Advocates have proposed many thoughtful ideas for PPP reform, but to date Congress has only succeeded in appropriating an additional $310 billion on top of the quickly-exhausted original $350 billion. This top-up also faced a chaotic rollout and may well be fully spoken for at the time of publishing. The good news is that this $310 billion top up did earmark $30 billion for community lenders and $30 billion for mid-size lenders in an attempt to level the playing field for distribution. However, it did so without the necessary liquidity and secondary market solutions to enable smaller lenders to participate at meaningful scale (although the Federal Reserve appears attentive to this). To maximize its effect on the small business ecosystem, the PPP would benefit from being expanded or even fully uncapped, expanding its coverage and forgiveness restrictions, reserving a portion for smaller borrowers, and lengthening its maturity term.
Local relief funds: effective, but poorly capitalized
In the meantime, as we’ve written, local relief funds either preceded or have followed the PPP in an attempt to fill the timing and distribution gaps in the federal response. Funds administered by city governments, public entities, philanthropies, financial institutions, and business chambers have targeted the smallest, most vulnerable businesses, and those in low-income areas, with flexible terms and efficient execution. However, these funds have been undercapitalized and oversubscribed — with some running out of money minutes after opening. This led us to call for direct federal funding to replenish existing local funds and prop up new ones. Senators Booker and Daines have a bipartisan proposal focused on these same issues. As a component of a new CARES Act, this would recognize and enhance the admirable relief efforts “on the ground.” On the House side, Representative Kildee is leading, bringing his considerable local expertise as the former Treasurer of Genesee County, Michigan and former head of Center for Community Progress.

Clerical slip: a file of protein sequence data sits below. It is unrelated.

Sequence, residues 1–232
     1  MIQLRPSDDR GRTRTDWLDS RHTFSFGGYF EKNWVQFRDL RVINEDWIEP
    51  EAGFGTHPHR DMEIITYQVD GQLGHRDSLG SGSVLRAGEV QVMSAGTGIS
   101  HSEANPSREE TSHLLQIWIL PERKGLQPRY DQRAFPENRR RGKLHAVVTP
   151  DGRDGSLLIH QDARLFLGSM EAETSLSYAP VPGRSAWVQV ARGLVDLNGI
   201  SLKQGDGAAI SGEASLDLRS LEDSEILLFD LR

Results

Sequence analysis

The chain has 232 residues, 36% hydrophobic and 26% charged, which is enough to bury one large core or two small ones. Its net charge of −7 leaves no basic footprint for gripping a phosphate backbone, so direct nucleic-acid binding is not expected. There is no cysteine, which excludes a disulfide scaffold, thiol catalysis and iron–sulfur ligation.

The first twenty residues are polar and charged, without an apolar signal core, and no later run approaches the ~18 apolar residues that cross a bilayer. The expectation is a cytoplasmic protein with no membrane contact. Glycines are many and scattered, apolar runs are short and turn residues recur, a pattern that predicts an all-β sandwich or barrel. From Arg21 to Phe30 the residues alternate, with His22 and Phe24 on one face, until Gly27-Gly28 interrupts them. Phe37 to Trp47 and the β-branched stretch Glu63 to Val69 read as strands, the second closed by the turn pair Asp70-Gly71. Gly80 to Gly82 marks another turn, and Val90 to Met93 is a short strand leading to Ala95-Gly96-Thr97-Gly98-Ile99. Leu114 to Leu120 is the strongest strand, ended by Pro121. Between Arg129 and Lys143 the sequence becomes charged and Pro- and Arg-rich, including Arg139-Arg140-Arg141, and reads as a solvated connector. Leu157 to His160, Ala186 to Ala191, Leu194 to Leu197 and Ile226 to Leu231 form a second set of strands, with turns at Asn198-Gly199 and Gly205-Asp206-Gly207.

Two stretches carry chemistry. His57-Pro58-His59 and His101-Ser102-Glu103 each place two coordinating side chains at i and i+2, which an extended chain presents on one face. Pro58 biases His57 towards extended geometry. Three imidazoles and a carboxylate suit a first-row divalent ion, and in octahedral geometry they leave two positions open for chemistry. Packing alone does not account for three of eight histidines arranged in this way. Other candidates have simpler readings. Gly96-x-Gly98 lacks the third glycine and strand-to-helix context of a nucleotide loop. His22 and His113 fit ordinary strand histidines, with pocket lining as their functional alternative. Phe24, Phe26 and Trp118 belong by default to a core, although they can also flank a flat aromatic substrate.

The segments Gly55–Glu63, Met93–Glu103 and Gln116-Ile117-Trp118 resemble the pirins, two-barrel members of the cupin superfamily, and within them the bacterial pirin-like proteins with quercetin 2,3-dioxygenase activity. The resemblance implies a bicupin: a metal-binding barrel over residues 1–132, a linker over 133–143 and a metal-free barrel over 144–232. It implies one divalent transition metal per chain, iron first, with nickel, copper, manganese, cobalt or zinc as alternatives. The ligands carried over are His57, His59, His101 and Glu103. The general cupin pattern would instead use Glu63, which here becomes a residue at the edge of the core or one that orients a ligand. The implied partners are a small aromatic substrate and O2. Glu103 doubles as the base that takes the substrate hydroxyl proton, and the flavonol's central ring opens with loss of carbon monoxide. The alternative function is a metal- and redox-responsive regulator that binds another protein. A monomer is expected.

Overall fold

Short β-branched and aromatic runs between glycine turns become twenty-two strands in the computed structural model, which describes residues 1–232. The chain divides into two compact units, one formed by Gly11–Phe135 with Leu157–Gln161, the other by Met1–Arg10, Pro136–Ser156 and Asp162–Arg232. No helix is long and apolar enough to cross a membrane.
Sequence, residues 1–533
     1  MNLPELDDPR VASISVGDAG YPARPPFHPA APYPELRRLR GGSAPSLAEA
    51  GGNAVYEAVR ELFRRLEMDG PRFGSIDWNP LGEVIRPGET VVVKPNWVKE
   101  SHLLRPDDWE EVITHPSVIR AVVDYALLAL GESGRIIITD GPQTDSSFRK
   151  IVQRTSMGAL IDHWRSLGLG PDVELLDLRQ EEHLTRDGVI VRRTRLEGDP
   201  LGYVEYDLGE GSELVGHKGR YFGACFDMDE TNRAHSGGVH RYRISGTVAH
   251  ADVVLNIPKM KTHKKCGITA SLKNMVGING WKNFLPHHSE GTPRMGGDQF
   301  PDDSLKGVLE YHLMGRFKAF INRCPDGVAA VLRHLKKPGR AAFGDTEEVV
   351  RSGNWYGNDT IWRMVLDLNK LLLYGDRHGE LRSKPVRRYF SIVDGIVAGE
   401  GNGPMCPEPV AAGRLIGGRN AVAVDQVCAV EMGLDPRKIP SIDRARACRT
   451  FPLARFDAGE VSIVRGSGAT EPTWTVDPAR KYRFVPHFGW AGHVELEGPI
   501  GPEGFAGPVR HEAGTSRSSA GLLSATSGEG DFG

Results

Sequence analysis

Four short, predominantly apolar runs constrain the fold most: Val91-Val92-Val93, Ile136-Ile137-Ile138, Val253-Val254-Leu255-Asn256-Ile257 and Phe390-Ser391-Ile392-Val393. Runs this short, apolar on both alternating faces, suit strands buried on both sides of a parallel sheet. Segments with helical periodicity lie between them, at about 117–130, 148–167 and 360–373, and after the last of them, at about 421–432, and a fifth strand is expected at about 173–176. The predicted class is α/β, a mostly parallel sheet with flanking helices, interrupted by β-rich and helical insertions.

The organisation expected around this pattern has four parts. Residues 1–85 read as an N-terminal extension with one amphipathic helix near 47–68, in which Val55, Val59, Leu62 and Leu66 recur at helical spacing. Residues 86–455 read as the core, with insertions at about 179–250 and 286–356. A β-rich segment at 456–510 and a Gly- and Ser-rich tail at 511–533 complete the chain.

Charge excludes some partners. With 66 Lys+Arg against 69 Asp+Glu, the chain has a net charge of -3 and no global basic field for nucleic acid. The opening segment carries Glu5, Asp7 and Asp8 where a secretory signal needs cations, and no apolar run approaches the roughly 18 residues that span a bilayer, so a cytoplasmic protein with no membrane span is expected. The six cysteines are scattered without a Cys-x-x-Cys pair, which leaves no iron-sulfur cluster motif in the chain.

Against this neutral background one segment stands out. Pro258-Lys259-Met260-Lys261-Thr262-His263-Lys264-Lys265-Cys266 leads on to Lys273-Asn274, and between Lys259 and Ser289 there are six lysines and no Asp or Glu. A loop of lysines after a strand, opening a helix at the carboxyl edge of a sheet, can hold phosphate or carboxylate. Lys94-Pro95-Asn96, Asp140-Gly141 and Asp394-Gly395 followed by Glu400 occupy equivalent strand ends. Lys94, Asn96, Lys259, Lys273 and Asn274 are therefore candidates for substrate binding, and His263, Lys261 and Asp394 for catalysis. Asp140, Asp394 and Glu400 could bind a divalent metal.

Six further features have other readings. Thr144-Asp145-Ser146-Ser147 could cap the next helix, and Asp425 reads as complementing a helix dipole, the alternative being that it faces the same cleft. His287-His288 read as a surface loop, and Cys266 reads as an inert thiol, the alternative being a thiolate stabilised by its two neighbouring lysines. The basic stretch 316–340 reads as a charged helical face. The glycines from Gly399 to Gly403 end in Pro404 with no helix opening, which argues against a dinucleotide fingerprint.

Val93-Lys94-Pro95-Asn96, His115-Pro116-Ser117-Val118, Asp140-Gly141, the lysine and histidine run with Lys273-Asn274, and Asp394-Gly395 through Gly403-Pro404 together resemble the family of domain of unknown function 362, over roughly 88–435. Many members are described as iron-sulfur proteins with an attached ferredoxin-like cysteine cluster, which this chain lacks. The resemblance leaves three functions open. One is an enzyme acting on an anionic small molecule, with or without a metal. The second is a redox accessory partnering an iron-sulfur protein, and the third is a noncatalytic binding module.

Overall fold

These local tools are important for much needed immediate relief — to ensure that the smallest and most vulnerable businesses in communities across the country have an economic lifeline for the coming months. However, the existing tools are necessary, but insufficient, for building an inclusive economy out of the ashes of this crisis.
Adding Tools for Recovery
As Jackie Victor wrote, “The future of our business is unclear, and we are only just beginning to learn of the long-term social and economic impacts that the coronavirus will have.” As our cities, small businesses, and economies sift through the wreckage of March and April, it’s important to focus on what will be needed for the recovery, alongside of ongoing relief needs. Though we cannot predict the evolution of the virus in the next 6-12 months, the recovery period will likely entail a slow, stilted, drawn-out process of ramping small businesses back up to stabilized levels.
The time between now and a vaccine or therapeutic that takes activity back to “normal” will be an unprecedented challenge for the types of small businesses that will need to drive the recovery: those that survived based on their own financial strength, those that survived due to relief efforts, those that had to shut down but still have the infrastructure to restart, and brand new businesses stepping in to fill the void. A reformed, restructured federally-funded loan product could play a vital role in the recovery period for these businesses, and more flexible local funds will be well-positioned to move towards recovery efforts if their capital base is replenished. However, we will also need targeted, growth-oriented capital to catalyze the period in which the economy slowly reopens.